Computer chip 'flaw' sparks security debate amid scramble for fix
A newly discovered vulnerability in computer chips raised concerns Wednesday that hackers could access sensitive data on most modern systems, as technology firms sought to play down the security risks.
Chip giant Intel issued a statement responding to a flurry of warnings surfacing after researchers discovered the security hole which could allow privately stored data in computers and networks to be leaked.
Intel labeled as incorrect reports describing a "bug" or "flaw" unique to its products.
Intel chief executive Brian Krzanich told CNBC that "basically all modern processers across all applications" use this process known as "access memory," which was discovered by researchers at Google and kept confidential as companies work on remedies.
Google, meanwhile, released findings from its security researchers who sparked the concerns, saying it made the results public days ahead of schedule because much of the information had been in the media.
The security team found "serious security flaws" in devices powered by Intel, AMD and ARM chips and the operating systems running them and noted that, if exploited, "an unauthorized party may read sensitive information in the system's memory such as passwords, encryption keys, or sensitive information open in applications."
"As soon as we learned of this new class of attack, our security and product development teams mobilized to defend Google's systems and our users' data," Google said in a security blog.
"We have updated our systems and affected products to protect against this new type of attack. We also collaborated with hardware and software manufacturers across the industry to help protect their users and the broader web."
Spectre and Meltdown
The Google team said the vulnerabilities, labeled "Spectre" and "Meltdown," affected a number of chips from Intel as well as some from AMD and ARM, which specializes in processors for mobile devices.
Intel said it was working with AMD and ARM Holdings and with the makers of computer operating software "to develop an industry-wide approach to resolve this issue promptly and constructively."
Jack Gold, an independent technology analyst, said he was briefed in a conference call with Intel, AMD and ARM on the issue and that the three companies suggested concerns were overblown.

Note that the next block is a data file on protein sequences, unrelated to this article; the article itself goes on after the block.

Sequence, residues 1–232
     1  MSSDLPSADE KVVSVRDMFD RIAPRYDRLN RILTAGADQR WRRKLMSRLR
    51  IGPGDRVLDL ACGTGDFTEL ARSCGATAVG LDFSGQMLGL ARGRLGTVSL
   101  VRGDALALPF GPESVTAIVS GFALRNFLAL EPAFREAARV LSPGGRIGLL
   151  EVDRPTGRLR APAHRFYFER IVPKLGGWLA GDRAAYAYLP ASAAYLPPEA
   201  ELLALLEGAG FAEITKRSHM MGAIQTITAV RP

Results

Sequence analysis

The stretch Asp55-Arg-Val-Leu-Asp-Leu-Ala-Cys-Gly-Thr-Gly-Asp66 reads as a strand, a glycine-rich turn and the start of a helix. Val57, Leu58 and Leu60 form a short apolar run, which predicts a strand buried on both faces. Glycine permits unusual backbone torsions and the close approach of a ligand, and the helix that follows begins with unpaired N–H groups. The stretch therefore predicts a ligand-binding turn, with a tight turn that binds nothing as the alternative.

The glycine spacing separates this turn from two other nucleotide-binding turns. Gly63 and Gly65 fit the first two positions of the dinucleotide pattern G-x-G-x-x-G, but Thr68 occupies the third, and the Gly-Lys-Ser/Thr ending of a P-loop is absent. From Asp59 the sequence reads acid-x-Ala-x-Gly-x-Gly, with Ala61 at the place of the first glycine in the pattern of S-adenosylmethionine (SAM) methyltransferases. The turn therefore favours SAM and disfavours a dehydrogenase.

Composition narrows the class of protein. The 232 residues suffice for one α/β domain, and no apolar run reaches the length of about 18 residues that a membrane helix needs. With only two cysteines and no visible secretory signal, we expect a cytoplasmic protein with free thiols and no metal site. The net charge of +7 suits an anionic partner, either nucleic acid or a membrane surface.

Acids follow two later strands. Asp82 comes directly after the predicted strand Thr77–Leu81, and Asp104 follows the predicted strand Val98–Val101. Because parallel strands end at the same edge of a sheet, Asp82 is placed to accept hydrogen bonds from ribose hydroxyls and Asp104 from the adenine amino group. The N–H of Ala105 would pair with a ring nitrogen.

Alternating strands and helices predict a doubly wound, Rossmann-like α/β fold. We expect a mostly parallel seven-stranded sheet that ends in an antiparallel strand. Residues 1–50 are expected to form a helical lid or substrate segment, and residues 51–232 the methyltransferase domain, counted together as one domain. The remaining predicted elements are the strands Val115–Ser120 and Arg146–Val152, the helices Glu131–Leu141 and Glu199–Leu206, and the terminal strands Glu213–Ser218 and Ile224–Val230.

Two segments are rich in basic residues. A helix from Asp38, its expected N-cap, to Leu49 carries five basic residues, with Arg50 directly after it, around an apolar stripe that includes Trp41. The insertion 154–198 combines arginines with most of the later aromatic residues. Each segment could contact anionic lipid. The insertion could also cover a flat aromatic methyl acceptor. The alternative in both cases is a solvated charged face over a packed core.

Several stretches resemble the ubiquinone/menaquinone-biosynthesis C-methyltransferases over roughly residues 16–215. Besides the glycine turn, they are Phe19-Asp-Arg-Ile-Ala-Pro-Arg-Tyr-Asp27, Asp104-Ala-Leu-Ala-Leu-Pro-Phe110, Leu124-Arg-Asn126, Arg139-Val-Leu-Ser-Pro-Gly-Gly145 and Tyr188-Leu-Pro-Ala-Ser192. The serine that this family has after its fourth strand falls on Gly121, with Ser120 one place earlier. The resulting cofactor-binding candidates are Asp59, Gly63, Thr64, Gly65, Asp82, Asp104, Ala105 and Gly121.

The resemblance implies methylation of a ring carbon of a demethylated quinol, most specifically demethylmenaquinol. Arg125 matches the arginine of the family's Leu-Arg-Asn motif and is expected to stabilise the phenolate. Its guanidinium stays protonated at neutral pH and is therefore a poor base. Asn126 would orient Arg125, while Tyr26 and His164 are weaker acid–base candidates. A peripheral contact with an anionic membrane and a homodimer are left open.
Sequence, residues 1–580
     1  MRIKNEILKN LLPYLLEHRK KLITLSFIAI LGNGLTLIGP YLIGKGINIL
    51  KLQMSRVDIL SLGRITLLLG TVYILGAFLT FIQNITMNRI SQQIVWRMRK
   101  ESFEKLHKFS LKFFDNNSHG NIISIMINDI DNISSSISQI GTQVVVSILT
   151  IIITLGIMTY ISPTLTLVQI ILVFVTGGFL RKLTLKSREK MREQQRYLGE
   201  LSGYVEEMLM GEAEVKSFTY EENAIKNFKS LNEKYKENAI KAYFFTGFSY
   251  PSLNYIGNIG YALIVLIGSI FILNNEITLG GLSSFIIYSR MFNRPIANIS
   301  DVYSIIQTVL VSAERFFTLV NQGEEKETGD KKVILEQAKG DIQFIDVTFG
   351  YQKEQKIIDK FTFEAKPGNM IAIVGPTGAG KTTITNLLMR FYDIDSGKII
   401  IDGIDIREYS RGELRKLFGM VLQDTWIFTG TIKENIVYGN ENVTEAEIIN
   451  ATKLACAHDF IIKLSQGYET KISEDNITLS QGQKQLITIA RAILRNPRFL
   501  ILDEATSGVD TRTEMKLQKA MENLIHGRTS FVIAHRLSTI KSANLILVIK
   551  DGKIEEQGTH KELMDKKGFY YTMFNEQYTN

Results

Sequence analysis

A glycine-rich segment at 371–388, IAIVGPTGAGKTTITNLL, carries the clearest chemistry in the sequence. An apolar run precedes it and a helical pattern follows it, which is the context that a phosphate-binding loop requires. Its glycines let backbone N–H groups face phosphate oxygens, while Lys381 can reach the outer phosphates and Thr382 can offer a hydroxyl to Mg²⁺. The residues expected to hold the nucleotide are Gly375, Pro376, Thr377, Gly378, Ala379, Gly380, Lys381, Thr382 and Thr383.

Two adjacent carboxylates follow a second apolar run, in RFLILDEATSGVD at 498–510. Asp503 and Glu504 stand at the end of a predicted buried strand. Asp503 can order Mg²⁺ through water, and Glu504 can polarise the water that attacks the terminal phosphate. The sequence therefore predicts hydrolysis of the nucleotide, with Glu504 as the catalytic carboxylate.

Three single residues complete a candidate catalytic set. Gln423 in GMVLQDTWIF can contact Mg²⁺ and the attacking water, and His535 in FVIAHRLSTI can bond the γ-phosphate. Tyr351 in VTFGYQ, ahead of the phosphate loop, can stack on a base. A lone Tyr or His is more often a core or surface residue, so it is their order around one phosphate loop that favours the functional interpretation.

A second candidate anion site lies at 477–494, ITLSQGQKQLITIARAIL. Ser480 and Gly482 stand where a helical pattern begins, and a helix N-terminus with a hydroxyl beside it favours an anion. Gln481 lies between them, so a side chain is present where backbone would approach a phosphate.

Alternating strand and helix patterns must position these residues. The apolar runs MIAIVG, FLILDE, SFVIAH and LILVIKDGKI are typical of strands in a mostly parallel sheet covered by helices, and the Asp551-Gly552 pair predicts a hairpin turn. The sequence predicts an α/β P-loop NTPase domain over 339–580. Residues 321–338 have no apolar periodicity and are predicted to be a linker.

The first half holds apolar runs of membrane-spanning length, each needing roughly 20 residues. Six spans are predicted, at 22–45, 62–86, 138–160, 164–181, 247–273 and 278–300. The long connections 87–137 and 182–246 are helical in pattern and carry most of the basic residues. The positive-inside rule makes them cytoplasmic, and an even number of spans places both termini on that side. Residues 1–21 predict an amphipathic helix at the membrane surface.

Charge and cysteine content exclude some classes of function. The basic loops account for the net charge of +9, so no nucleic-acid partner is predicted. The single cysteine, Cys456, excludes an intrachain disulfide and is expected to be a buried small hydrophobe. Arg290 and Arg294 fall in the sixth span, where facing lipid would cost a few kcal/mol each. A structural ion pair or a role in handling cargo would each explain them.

"All the chips are designed that way," Gold said.
The companies were working on remedies after "some researchers found a way to use existing architecture and get into protected areas of computer memory and read some of the data," he added.
Microsoft said in a statement it had no information suggesting any compromised data but was "releasing security updates today to protect Windows customers against vulnerabilities."
But an AMD spokesman said that because of the differences in AMD processor architecture, "we believe there is near zero risk to AMD products at this time."
ARM meanwhile said it was "working together with Intel and AMD" to address potential issues "in certain high-end processors, including some of our Cortex-A processors."
"We have informed our silicon partners and are encouraging them to implement the software mitigations developed if their chips are impacted," the SoftBank-owned firm said.
Earlier this week, some researchers said any fix—which would need to be handled by software—could slow down computer systems, possibly by 30 percent or more.
Intel's statement said these concerns, too, were exaggerated.
"Contrary to some reports, any performance impacts are workload-dependent, and, for the average computer user, should not be significant and will be mitigated over time," the company statement said.
Tatu Ylonen, security researcher at SSH Communications Security, said the patches "will be effective" but it will be critical to get all networks and cloud services upgraded, Ylonen said.
British security researcher Graham Cluley also expressed concern "that attackers could exploit the flaw on vulnerable systems to gain access to parts of the computer's memory which may be storing sensitive information. Think passwords, private keys, credit card data."
But he said in a blog post that it was "good news" that the problem had been kept under wraps to allow operating systems such as those from Microsoft and Apple to make security updates before the flaw is maliciously exploited.
© 2018 AFP